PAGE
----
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June 13, 2020

Local shops’ innovations help reopening preparation

Photos/Don Del Rosso
Dustin Sweeney, a sign fabricator at Piedmont Press & Graphics in Warrenton, uses a high-tech router to cut acrylic panels for an office protection shield.
Mitchell Brown and his father Mike “overwhelmed” by demand for the protective shields their family-owned business in Opal manufactures and installs.
If we focused on solving their problems instead of what we could print or what we could make, it seems it always works out for everyone. Your trying to serve, not sell them something.
— Tony Tedeschi, Piedmont Press & Graphics president
By .(JavaScript must be enabled to view this email address)
Staff Journalist
Responding to the coronavirus pandemic, two Fauquier businesses have found ways to boost revenue while helping other companies and government agencies meet the challenges of reopening and protecting their front-line workers from the life-threating disease.

In March, Piedmont Press & Graphics of Warrenton began to produce “directional” and “safety” signs — eventually expanding its “reopen” and related products line to 13 items, including plastic desk and counter “sneeze” shields.

That same month, Brown’s Glass Shop at Opal produced and installed its first permanent COVID-19 protective shields.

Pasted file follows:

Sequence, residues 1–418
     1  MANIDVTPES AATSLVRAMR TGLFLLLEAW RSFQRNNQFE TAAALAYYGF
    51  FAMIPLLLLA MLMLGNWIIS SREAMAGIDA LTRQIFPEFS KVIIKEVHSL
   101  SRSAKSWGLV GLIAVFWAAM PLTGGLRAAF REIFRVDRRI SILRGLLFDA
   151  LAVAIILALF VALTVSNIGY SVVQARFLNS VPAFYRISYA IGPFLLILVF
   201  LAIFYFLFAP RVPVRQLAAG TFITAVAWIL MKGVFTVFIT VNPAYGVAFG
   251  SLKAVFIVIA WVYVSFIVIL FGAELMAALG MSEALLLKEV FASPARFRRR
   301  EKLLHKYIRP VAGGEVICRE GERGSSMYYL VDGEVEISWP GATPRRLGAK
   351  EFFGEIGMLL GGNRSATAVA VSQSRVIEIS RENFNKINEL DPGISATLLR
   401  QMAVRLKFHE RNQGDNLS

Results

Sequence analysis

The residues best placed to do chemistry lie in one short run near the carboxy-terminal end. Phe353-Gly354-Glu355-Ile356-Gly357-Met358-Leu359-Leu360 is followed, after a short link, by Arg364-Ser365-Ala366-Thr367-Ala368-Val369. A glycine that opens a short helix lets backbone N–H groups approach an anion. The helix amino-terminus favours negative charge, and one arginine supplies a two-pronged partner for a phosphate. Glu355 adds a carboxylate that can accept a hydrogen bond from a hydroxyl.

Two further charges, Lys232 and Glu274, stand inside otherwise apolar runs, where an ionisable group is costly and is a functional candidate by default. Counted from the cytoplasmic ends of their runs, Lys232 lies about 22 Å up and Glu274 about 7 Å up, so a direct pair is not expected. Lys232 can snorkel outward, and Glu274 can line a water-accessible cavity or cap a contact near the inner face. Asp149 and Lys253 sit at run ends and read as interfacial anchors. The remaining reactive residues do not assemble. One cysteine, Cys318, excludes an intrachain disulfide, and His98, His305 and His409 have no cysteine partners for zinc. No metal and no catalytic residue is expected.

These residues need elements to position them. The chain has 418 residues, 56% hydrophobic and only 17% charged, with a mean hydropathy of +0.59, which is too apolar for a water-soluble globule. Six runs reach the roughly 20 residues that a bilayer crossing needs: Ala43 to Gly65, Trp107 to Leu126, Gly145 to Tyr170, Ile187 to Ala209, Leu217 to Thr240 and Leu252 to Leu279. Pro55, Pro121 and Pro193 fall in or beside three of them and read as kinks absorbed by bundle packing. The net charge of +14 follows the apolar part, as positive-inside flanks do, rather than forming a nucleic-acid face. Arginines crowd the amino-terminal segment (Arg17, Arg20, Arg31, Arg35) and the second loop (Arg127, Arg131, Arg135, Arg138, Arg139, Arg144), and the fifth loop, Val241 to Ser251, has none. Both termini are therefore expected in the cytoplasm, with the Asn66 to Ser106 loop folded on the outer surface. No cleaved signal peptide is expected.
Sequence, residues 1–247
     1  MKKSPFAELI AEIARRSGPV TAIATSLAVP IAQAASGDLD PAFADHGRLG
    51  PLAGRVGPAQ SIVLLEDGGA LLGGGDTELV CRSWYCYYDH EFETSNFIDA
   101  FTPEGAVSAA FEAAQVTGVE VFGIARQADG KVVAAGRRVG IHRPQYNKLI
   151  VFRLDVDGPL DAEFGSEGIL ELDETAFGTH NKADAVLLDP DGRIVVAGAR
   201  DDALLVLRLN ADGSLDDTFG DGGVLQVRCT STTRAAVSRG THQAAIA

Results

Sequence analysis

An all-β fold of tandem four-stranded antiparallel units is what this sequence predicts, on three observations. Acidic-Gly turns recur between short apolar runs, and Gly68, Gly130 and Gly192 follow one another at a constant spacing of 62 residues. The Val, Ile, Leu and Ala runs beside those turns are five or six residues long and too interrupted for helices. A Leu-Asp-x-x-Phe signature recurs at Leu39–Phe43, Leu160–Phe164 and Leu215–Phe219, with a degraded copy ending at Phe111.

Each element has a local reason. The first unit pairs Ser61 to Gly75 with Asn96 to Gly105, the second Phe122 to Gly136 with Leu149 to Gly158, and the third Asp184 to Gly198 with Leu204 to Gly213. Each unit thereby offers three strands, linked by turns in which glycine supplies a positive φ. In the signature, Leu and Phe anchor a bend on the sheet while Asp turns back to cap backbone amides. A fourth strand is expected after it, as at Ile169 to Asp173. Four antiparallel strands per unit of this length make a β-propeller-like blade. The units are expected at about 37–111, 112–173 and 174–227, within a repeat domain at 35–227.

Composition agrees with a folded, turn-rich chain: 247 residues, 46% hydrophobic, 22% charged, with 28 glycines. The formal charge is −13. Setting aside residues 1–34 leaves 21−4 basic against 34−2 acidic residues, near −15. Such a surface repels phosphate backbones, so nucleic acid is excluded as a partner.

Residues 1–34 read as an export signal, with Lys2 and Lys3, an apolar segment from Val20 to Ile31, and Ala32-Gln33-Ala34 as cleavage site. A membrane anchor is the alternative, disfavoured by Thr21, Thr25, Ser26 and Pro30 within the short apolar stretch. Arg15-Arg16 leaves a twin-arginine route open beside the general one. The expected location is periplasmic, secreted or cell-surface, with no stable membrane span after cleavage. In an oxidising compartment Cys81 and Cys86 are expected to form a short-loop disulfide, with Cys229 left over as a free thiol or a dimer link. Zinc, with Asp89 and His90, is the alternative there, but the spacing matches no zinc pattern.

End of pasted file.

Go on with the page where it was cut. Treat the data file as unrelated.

Brown’s Glass has a $38,225 contract to make and install shields in Fauquier government buildings, according to county General Services Department Director Michael Kresse.

Like many businesses, Piedmont took a big financial hit because of the pandemic, owner and President Tony Tedeschi said.

“The slowdown came pretty fast for everybody — in the beginning of March — and then all of a sudden things came to a screeching halt,” because of the pandemic, recalled Mr. Tedeschi, 59.

Business tanked by 60 to 70 percent “overnight,” he said.

Around “this time of the year,” the business normally generates up to $200,000 a month, according to Mr. Tedeschi.

Today, it does about $100,000 per month — “probably” half that amount from “reopening” product sales, he said.

“As a business owner who’s got a payroll, the first thought is, ‘Oh my God, what do I do’?” Mr. Tedeschi said. “And the second thing is how do I take care of everybody? So looking at this, what can we do in our shop that people might need to make the situation better?”

The 14-employee business initially produced social distancing and directional stickers — some of which it gave away, he said.